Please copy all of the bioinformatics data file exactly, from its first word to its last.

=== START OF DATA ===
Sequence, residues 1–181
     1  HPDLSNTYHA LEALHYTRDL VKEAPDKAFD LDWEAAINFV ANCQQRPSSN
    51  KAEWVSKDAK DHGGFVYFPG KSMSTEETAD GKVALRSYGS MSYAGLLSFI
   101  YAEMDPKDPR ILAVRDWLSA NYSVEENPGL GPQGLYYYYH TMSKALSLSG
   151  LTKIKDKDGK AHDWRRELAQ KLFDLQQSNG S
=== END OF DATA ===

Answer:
Sequence, residues 1–181
     1  HPDLSNTYHA LEALHYTRDL VKEAPDKAFD LDWEAAINFV ANCQQRPSSN
    51  KAEWVSKDAK DHGGFVYFPG KSMSTEETAD GKVALRSYGS MSYAGLLSFI
   101  YAEMDPKDPR ILAVRDWLSA NYSVEENPGL GPQGLYYYYH TMSKALSLSG
   151  LTKIKDKDGK AHDWRRELAQ KLFDLQQSNG S